Swimmer Alice Tai is from Poole, England. She has competed for Great Britain in both international and European events.
She has not only been the pride of Britain but also the source of her parents’ happiness.
Although the 23-year-old is renowned for being a brilliant swimmer, she got off to a respectable start; Tai began swimming when he was eight years old and joined the Seagulls Swimming Club in New Milton.
Before the winter of 2010, her family was unaware that she might be seen as a swimmer with a disability. She earned the right to compete in international competitions in 2011 after being named an S10 swimmer.
Tai showed promise at the 2012 British International Disability Swimming Championships in Sheffield by taking silver in the NC 400m freestyle Youth final after Amy Marren won the gold.
Meet Alice Tai Parents: Mother Angela Tai & Father Steve Tai- More On Her Background
Her parents, teachers Angela Tai and Steve Tai, both of Poole, England, welcomed Alice Tai into the world on January 31, 1999.
Both of them have supported their daughter through her highs and lows and are incredibly proud of her.
When asked why she chose swimming, the English athlete reportedly responded, “I started into sports for two reasons. First of all, when I was younger, I used to live near the water, and my parents insisted that if we ever visited a beach, I should be able to swim.
Second, I used water as a rehab when I was younger since I had to relearn how to walk after each surgery and it was a great way to stay active and in shape. I underwent 14 surgeries by the time I was 12 years old. Later, when I grew older, I realized that I would be categorized as a swimmer with a disability, so I started practicing and competing. Added she.
This interview demonstrated how her family had a significant impact on her swimming career.
Her ever-loving brother Christian is with her.
What Happened To Alice Tai Her Leg? Amputation & Disability
On January 13, 2022, Alice Tai underwent an amputation of her right leg. Since she was 13 years old, she had been preparing for the procedure.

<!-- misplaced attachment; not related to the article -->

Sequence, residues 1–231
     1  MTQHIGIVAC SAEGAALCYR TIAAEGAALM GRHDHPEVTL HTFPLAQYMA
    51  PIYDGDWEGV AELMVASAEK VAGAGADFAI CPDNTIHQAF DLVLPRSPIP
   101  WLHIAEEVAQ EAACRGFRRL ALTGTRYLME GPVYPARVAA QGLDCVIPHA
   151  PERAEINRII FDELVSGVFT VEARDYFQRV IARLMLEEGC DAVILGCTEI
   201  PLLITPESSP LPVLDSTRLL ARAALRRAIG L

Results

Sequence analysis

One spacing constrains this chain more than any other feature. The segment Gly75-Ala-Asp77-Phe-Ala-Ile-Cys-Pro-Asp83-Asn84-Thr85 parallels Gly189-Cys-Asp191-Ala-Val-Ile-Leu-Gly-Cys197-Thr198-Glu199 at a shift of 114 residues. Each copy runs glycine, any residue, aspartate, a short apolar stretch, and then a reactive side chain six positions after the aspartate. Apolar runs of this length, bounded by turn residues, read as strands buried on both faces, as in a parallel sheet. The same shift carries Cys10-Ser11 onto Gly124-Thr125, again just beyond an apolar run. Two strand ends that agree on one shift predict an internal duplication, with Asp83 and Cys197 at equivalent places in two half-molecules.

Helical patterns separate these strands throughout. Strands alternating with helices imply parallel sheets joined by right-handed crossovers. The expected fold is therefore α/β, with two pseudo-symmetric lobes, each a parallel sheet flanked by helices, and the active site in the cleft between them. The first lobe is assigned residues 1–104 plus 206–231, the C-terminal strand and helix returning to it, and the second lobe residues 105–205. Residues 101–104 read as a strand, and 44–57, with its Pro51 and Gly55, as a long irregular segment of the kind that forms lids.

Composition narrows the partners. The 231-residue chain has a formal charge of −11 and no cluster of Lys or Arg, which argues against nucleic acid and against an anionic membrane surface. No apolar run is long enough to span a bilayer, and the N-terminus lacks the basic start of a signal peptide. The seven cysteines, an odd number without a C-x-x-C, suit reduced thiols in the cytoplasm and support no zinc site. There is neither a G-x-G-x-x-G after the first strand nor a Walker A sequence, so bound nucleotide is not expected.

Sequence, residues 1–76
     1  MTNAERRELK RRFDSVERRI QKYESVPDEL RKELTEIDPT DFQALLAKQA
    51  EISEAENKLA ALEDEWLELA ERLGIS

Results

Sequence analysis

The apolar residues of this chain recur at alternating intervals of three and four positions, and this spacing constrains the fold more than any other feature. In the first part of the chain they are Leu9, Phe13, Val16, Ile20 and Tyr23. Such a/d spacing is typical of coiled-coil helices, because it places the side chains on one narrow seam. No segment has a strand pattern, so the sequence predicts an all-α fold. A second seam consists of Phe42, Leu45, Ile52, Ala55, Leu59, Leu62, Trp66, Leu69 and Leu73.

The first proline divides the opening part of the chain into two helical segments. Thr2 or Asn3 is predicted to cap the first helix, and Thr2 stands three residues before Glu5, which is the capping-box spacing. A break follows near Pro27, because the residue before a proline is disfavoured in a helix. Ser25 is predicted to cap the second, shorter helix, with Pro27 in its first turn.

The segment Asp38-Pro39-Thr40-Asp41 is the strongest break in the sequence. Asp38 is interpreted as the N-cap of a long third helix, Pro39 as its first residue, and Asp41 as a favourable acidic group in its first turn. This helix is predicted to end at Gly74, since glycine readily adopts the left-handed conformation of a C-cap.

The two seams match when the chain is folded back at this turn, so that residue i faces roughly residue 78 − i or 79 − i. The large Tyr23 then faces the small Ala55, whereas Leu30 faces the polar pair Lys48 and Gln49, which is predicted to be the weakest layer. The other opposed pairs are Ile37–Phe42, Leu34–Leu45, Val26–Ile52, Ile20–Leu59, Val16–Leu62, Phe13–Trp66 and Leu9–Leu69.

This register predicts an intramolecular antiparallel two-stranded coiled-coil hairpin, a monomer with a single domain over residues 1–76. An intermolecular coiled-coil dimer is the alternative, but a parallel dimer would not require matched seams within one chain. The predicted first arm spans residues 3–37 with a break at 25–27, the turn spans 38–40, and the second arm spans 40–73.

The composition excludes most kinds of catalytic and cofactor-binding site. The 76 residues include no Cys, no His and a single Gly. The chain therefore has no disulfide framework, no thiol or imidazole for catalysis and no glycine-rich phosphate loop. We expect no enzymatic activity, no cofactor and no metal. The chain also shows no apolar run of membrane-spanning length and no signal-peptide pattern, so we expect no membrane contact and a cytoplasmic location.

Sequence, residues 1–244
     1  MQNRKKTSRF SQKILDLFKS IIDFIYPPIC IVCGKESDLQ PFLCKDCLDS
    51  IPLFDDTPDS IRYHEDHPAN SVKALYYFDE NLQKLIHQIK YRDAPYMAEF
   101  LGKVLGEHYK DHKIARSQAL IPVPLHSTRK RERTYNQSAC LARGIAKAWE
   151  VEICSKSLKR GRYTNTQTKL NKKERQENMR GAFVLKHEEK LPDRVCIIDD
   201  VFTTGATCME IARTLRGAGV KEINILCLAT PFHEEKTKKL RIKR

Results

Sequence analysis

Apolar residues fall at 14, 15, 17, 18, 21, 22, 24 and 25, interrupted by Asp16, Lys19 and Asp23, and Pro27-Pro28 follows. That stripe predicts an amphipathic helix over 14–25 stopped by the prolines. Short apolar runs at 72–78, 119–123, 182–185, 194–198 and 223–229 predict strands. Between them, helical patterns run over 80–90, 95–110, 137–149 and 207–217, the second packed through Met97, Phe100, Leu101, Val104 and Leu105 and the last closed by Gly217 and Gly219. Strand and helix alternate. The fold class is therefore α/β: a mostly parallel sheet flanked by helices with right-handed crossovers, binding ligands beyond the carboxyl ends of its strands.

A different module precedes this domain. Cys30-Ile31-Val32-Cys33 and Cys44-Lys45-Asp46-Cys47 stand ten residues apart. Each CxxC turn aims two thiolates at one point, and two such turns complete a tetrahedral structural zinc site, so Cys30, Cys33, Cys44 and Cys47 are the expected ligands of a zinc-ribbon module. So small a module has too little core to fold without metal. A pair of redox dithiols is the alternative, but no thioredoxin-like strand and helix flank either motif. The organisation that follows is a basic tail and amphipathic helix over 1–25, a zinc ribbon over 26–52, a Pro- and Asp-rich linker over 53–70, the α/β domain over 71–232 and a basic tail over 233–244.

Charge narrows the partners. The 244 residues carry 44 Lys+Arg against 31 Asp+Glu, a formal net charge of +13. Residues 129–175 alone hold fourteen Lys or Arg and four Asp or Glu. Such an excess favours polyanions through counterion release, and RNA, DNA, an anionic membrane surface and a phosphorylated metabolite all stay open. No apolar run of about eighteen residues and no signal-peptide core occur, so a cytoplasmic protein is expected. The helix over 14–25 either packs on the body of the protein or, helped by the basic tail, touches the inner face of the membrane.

The Surgeons had urged her to temporarily stop the process. The swimmer first broached the issue of amputation with her doctors in 2012.
There were no longer any corrective measures that might greatly increase her pain-free movement. At the time, amputation was considered, but it was determined that they would rather wait until she had stopped growing.
She hasn’t stopped thinking about it since, and she’s been looking for a great chance to “fit it in.” The 23-year-old finally realized last year that she was squandering time and questioned why she wasn’t waiting for a better quality of life.
After consultations, scans, and tests, the plan was continued, and a surgery date was suggested. Her right leg was amputated below the knee in January 2022 when her right foot discomfort became quite intense.
Since Tai was born with bilateral talipes, she had already had 14 corrective procedures by the time she was 12 years old. Tai occasionally need prolonged wheelchair use while she was recovering.
Gold For Alice Tai- More On Her Return To Winning
After having her right leg amputated, Alice Tai, an English para-swimmer, won the Commonwealth gold medal in Birmingham. At the Sandwell Aquatics Center, the 23-year-old won the S8 100m backstroke event for England.
It was her second Commonwealth title after triumphing in Gold Coast four years previously, but, as she conceded, this one was far more surprising.
I didn’t believe I would be able to race this season, but I appreciate Team England letting me compete here, Tai said to BBC Sport.
In 2014, she made her professional debut abroad. Dave Heathcock is her swimming coach, and she swims for the Ealing Swimming Club. She was selected the 2019 Disability Sportswoman of the Year by The Sunday Times.
The British Para Swimmer of the Year and British Swimming Athlete of the Year were given to the 23-year-old at the 2019 British Swimming Awards. She also became the first Para swimmer to win the highest honor.
The swimmer was named the International Paralympic Committee’s Athlete of the Month for September 2019. She was given the title Member of the Most Excellent Order of the British Empire in the 2017 New Year’s Honours list.